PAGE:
All Roads Lead to Rome

I’m still exploring escapes in my rolling. This week I came to a new revelation. It has to do with a concept that I like to call “Mission Control”.

One BJJ session a while ago my instructor was going over some attacks from side control with an underhook. He talked about how side control with an underhook is his “top position mission control”. What he meant was that he defaults to that spot if he ever gets into trouble.  He feels comfortable there. He likes to attack from there, and is comfortable keeping the position.

That got me thinking about where I most want to be. Where is my mission control? The answer to that will be different for everyone.

Think of Marcelo Garcia for instance. Watch him roll with guys at his academy. You’ll notice that his mission control is the seated butterfly guard. If he gets his guard passed he escapes back to there. If he loses control in mount he goes back to there. If he misses a submission he just goes back to there. All roads lead back to the seated butterfly guard. Then, you start going through his moves and you realise why he defaults back to the seated butterfly guard. He has a great game from that spot.

So, where am I good? Am I good from the combat position going head to head with my opponent? Am I a guard player that loves to be in closed guard? Do I love taking the back? Do I love side control? Where am I best? Where am I the most comfortable?

The answer will help me determine what escapes I use.

In my study of escapes I’ve realise that there are many, many escapes from each position. So, how do you pick which ones to use? Well, understand my mission control spot, and the escapes are picked for me.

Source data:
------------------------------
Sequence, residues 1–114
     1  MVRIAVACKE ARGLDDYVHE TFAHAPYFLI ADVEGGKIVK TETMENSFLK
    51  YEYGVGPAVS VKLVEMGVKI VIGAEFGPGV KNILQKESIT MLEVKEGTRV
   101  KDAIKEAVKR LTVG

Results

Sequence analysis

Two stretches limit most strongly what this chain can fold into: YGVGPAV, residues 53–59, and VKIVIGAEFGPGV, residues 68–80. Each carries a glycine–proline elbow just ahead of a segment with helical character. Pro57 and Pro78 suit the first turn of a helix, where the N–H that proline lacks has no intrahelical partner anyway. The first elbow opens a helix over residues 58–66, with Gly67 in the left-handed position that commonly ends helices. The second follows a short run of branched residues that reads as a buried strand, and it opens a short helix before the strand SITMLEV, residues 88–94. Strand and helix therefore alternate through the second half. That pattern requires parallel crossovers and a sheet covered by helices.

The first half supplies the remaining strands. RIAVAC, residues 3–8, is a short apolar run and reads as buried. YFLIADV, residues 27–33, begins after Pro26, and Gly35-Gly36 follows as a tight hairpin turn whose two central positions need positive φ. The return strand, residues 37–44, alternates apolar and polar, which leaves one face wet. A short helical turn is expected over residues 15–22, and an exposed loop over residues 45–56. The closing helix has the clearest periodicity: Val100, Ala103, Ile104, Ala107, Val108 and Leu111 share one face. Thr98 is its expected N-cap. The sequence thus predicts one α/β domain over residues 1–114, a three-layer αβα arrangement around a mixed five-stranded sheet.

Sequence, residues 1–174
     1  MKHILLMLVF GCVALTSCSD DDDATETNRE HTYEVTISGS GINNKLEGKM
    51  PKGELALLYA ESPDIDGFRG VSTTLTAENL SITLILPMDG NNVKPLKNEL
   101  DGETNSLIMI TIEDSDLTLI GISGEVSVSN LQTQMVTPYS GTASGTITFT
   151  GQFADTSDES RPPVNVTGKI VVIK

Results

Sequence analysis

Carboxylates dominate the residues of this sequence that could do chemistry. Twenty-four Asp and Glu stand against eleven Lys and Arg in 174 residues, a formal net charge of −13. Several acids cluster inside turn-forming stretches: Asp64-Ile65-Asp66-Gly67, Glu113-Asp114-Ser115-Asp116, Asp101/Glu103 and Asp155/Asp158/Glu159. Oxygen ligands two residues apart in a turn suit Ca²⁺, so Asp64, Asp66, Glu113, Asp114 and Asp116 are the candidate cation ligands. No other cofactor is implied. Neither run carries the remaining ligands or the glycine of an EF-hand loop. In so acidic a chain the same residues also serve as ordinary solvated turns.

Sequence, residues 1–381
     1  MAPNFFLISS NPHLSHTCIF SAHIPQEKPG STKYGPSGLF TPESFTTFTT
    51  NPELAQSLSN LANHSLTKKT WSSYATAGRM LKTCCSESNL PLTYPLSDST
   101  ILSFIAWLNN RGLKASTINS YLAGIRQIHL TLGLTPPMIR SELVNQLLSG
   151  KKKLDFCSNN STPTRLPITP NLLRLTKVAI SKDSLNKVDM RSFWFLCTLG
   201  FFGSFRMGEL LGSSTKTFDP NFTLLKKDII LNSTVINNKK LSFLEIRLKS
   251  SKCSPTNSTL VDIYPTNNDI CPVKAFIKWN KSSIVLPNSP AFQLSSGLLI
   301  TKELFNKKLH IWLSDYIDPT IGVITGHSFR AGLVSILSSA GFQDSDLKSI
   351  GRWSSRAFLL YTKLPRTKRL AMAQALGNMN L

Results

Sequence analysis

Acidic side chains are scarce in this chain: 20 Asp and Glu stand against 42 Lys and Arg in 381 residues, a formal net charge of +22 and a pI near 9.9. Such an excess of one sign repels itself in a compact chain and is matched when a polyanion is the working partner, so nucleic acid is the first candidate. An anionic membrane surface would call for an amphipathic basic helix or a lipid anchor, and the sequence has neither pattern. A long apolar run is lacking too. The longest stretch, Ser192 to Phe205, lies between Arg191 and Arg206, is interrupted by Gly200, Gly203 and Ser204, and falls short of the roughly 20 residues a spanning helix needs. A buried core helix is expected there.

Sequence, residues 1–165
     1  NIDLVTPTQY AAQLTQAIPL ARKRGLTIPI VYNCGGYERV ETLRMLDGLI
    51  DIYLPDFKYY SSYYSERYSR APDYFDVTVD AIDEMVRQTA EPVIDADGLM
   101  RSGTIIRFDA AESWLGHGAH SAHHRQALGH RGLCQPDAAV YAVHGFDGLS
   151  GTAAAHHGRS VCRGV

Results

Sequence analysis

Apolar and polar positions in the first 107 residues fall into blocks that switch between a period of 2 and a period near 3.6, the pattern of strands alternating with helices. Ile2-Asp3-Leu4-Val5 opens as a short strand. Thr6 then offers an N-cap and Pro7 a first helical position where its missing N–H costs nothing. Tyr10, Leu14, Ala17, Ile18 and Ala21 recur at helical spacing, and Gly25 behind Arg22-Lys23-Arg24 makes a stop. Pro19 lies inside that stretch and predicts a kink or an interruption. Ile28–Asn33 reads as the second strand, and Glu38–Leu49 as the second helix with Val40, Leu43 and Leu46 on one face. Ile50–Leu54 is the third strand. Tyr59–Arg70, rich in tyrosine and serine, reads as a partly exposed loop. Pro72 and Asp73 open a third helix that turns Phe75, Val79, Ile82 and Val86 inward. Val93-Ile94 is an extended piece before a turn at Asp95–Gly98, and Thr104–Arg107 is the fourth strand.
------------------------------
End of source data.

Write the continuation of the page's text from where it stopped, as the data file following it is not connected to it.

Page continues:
There’s a guy that I roll with at the club that always looks to get back to his knees. He loves fighting from there. So, he’s always escaping to his knees, then retreating to reset the fight. There’s another guy that always wants to get back to guard. He’s a guard player, so that’s where he wants to be. He pulls guard from the start. He understands that he wants to be there. Another guy loves being on top, so he generally only uses escapes that give him top position.

This logic not only applies to escapes. It also applies to sweeps, submissions, passes, and takedowns. Know where you like to be, and design your game around getting to there. If you love keeping mount, you’re not going to be an armbar guy. If you love keeping side control you’ll likely be a figure 4/kimura fighter. If you’re a sweep player your top game will be very fluid and attacking because you’re more than happy to reset with a sweep from the bottom if you miss.

With escapes you prioritize. If you love attacking the back you’ll prioritize escapes that put you on the back of the opponent. If you’re a guard player you’ll want to prioritize escapes that put the opponent back into guard. Better yet, if you’re happy in both places you will happily combine escapes to the back with escapes to guard.

Understand where you want to be. Design your escapes (and your entire game) around that.

Or, think of it like this. If you’re in Rome, you’re where you want to be. If you’re not, design a game where all roads lead back to Rome.


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